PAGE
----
Cinemalaya’s Asian indies transport viewers to worlds beyond their own

By: - Entertainment Editor
/ 02:21 AM August 15, 2015
“THE MONK”. Bristle and bustle with thematic pertinence and local color.

“THE MONK”. Bristle and bustle with thematic pertinence and local color.

Cinemalaya has been breaking boundaries since its industry-boosting inception in 2005—in fact, it has single-handedly triggered the third Golden Age of Philippine cinema. But, with the absence of its full-length New Breed entries, the indie festival’s raison d’être, we feel that the tagline for its 11th year, “Broadening horizons,” is a little misplaced—unless interpreted literally.

This year, the film event’s biggest draws are envelope-pushing Asian indies that transport local film buffs to worlds (and themes) beyond our own, far removed from the predictable contrivances of mainstream filmmaking—as exemplified by The Maw Naing’s “The Monk” (from Myanmar), Sotho Kulikar’s “The Last Reel” (Cambodia), Marat Sarulu’s “The Move” (Kyrgyzstan) and Adilkhan Yerzhanov’s “The Owners” (Kazakhstan).


Bristling and bustling with thematic pertinence and local color (the old-world appeal of Yangon, women and children wearing thanaka, etc.), “The Monk” captures a poverty-stricken world suspended in time—and has one of the classiest and most indelible endings we’ve seen this year!

It tells the coming-of-age story of young monk, Zawana (Kyaw Nhi Thu), who’s torn between the faith-dampening challenges of his vocation and the heady temptations of the outside world.


Raised by Dhama, the stern and charmless abbot of a Buddhist monastery in the Burmese countryside, Zawana hits a fork in the road when his cash-strapped mentor is diagnosed with testicular cancer. Is he up for the greater challenges ahead—or, is it time to fly the coop?

“The Last Reel” also has a distinctly Asian feel and flavor. It revisits the harrowing crimes perpetrated by the oppressive Khmer Rouge regime under Pol Pot, between 1975 and 1979—when a quarter of Cambodia’s population fell victim to racial genocide and cleansing! Only 30 of the country’s 300 films shot before the civil war remain.

Recalling Sin Chan Saya’s “Day in the Country,” which tackles Cambodia’s penchant for arranged marriages, Kulikar’s moving but rough-around-the-edges drama is about rebellious student, Sophoun (Ma Rynet), who shuns her future husband’s pamanhikan, and unravels different versions of the truth when she finds a lost film buried beneath Phnom Penh’s killing fields—and its lead actress is her lonely but once-lovely movie-star mom!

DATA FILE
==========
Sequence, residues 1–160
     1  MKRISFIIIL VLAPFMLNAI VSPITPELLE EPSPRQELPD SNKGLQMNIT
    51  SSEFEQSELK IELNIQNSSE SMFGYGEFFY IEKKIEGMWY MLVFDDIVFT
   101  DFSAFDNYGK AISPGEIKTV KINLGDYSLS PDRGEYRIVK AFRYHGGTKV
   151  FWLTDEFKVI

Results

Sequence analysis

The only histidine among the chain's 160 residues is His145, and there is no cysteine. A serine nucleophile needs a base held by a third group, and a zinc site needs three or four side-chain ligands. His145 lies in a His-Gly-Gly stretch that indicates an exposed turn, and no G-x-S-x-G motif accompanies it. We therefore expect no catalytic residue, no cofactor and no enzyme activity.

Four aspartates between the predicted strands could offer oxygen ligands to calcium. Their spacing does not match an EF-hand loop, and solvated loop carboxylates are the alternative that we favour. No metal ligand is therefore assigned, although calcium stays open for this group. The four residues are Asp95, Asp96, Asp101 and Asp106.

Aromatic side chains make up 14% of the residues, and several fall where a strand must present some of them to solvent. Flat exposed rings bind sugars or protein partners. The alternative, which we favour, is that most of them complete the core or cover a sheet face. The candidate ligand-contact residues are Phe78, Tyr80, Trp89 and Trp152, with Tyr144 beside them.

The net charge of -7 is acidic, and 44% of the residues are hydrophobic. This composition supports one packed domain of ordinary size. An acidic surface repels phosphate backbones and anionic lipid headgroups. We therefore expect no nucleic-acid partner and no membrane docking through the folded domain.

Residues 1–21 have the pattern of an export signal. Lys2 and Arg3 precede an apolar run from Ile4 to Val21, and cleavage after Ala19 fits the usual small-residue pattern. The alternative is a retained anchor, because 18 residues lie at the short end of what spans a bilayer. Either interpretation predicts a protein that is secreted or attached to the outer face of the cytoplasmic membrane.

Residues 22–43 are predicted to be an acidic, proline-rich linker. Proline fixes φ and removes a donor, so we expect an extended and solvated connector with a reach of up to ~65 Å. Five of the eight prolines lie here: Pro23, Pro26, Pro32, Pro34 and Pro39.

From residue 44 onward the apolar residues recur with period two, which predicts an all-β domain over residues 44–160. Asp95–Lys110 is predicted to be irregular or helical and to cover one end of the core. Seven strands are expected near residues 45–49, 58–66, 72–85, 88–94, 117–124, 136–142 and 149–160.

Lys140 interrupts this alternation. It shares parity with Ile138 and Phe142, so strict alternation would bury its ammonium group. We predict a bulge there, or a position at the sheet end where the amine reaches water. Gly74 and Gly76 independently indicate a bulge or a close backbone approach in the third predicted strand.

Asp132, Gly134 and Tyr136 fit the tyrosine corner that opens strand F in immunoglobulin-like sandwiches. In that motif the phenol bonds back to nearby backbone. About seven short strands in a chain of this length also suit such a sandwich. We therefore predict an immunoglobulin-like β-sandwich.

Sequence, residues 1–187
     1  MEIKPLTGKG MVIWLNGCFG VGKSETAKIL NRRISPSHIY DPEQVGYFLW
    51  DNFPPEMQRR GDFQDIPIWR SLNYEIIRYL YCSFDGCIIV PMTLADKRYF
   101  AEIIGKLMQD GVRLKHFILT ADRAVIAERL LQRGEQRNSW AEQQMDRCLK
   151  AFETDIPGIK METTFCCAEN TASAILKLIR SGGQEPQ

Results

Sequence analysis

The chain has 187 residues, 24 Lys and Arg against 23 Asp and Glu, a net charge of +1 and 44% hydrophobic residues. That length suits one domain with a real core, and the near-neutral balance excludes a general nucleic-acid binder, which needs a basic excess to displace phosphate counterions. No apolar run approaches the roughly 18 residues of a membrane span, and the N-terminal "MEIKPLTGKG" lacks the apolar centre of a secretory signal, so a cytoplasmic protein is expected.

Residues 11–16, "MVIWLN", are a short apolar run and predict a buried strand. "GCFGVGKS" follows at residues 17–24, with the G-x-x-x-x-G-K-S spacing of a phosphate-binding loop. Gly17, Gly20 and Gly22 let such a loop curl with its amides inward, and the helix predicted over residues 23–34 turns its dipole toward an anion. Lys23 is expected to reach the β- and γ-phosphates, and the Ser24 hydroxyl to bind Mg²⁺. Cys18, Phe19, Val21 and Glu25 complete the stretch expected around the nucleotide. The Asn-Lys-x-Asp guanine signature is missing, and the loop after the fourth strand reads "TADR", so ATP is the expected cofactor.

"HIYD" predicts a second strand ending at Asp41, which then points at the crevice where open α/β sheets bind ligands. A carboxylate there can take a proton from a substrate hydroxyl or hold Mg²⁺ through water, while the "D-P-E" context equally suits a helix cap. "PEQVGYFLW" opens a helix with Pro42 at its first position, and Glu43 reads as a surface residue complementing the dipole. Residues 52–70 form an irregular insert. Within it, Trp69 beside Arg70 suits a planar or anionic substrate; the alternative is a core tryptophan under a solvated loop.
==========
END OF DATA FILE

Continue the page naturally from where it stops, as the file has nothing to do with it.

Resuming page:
“The Owners” cleverly utilizes elements of magic realism, satire, dark comedy and music as it follows three orphaned siblings as they relocate from the big city and battle a corrupt police chief to take ownership of their mother’s ancestral home in the Kazakh countryside.

In contrast, “The Move” is characterized by postcard-pretty photography, perfectly framed shots—and depressing nihilism. It traces how an old man (Sagyndyk Makekadyrov) and his granddaughter (Ainazyk Damirbekova) are uprooted from their poor but contented life in a rustic Kyrgyz village—a grave miscalculation that leads to unspeakable repercussions.

The three-hour film will test viewers’ patience with its inexplicably lingering shots, infuriatingly sluggish pace, deliberately somnambulistic acting—and a story that derives pleasure from the misfortunes the movie heaps on its patient protagonists!

 “THE LAST REEL.” Bristle and bustle with thematic pertinence and local color.

“THE LAST REEL.” Bristle and bustle with thematic pertinence and local color.

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TAGS: Asian, cinema, Cinemalaya, Entertainment, Film, independent film, indie, movie
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